10 Therapeutic Goals: Pulmonary Involvement* Pastores GM, et al. Semin Hematol. 2004;41(4 suppl 5):4–14. PatientsGoal Patients with overt, symptomatic pulmonary involvement**  Reverse hepatopulmonary syndrome and dependency on oxygen  Ameliorate pulmonary hypertension  Improve functional status and quality of life  Prevent rapid deterioration of pulmonary disease and sudden death All patients  Prevent pulmonary disease by timely initiation of treatment and avoidance of splenectomy ** Most patients in this group have had spleen removed. *Please note regular assessments will be conducted.

11 Therapeutic Goals: Bone Disease* Pastores GM, et al. Semin Hematol. 2004;41(4 suppl 5):4–14. PatientsGoalTime Frame All patients  Lessen or eliminate bone pain  Prevent bone crises  Prevent osteonecrosis and subchondral joint collapse 1 to 2 years Pediatric patients  Improve BMD  Attain normal or ideal peak skeletal mass  Increase cortical and trabecular BMD  Improve BMD  Increase trabecular BMD 2 years Adult patients *Please note regular assessments will be conducted. 3–5 years

12 Therapeutic Goals: Pediatric Growth and Functional Health and Well-being* Pastores GM, et al. Semin Hematol. 2004;41(4 suppl 5):4–14. Pediatric Growth PatientsGoalTime Frame Pediatric patients  Normalize growth such that patient achieves a normal height according to population standards Within 3 years Pediatric patients  Achieve normal onset of puberty Functional Health and Well-being Patients GoalTime Frame All patients  Improve or restore physical function for carrying out normal daily activities and fulfilling functional roles All patients  Improve scores from baseline of a validated quality-of-life instrument 2–3 years or less (depending on disease burden) *Please note regular assessments will be conducted.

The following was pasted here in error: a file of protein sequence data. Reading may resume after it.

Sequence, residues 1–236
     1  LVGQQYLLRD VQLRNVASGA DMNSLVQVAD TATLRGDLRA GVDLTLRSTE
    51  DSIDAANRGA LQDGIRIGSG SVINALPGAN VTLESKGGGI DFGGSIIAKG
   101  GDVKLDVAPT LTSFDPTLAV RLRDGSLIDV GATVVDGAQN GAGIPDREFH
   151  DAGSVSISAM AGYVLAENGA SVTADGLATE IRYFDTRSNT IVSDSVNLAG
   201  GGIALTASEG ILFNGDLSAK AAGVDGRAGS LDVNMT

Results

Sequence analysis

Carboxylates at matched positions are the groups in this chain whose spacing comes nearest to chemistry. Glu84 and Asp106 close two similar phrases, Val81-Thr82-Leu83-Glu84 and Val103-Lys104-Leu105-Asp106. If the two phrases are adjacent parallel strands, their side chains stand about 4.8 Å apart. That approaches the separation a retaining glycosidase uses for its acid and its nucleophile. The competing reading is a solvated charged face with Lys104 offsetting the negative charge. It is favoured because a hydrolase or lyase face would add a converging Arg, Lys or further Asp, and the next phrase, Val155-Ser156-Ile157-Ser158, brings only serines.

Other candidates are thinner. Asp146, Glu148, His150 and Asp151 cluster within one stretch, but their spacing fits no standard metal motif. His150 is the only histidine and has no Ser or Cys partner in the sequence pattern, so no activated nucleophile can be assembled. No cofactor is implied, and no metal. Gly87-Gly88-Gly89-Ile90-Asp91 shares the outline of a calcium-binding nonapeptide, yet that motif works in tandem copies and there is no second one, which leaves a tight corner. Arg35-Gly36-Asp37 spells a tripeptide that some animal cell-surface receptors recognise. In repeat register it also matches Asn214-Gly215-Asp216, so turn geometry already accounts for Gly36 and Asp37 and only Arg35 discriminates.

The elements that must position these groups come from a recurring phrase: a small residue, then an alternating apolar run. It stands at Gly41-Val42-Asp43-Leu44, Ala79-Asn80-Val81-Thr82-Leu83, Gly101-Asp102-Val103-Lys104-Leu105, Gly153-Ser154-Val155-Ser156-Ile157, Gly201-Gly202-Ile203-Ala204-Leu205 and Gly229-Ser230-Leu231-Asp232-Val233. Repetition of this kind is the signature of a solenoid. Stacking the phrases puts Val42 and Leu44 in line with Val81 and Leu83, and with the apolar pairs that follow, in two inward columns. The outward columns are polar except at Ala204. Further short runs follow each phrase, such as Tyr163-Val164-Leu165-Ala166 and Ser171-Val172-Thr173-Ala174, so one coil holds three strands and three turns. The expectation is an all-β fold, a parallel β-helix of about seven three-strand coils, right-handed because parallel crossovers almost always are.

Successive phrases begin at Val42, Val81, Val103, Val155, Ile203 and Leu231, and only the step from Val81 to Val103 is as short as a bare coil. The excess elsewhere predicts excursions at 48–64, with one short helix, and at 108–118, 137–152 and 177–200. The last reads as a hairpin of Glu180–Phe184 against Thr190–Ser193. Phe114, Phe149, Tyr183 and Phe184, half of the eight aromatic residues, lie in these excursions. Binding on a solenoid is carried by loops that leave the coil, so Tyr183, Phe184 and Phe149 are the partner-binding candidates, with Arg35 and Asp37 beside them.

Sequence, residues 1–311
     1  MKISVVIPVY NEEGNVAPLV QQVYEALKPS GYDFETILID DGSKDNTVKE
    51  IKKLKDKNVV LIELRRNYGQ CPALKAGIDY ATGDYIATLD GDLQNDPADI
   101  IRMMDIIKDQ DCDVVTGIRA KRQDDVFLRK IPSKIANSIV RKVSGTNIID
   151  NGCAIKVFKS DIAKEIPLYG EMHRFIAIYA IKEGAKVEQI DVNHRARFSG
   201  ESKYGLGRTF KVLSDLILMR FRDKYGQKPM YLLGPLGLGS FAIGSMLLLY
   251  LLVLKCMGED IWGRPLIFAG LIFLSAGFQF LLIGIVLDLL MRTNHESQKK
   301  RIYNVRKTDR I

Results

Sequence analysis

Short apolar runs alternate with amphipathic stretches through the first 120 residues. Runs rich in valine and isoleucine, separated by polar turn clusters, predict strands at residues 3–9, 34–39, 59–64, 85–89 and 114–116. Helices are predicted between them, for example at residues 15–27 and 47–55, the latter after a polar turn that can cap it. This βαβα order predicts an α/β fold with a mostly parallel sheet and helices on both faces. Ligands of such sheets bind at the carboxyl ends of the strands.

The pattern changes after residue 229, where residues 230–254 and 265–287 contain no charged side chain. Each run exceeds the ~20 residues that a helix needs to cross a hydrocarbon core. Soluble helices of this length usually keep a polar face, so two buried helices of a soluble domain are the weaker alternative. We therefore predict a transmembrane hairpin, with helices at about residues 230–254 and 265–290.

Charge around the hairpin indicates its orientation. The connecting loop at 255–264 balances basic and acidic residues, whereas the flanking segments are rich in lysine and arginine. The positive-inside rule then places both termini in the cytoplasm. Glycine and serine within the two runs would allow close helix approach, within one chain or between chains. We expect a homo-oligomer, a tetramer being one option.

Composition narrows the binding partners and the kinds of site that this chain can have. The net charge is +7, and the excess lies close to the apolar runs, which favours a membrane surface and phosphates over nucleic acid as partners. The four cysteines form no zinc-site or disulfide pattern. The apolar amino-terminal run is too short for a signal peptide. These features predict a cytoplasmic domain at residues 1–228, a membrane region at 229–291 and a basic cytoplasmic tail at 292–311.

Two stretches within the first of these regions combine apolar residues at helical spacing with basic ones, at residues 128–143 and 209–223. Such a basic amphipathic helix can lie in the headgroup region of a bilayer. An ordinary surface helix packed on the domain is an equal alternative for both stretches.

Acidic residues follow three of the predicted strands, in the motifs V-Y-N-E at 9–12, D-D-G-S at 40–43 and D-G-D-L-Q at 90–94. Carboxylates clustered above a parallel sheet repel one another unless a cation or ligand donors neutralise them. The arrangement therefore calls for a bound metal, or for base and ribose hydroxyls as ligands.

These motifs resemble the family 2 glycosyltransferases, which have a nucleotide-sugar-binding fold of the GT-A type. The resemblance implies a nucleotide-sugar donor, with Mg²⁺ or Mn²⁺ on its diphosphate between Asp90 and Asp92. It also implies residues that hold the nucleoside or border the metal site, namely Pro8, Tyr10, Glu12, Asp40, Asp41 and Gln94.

13 A Comprehensive Management Plan  Defined specific management goals Act as a guide for managing physicians, consulting specialists, allied health personnel Educate patients and families Establish reasonable expectations  Most patients will have multiple therapeutic goals To be completed within an expected timeframe Maintained for life  Success depends on Comprehensive initial assessment of all potentially affected organs and systems Regular monitoring Pastores GM, et al. Semin Hematol. 2004;41(4 suppl 5):4–14.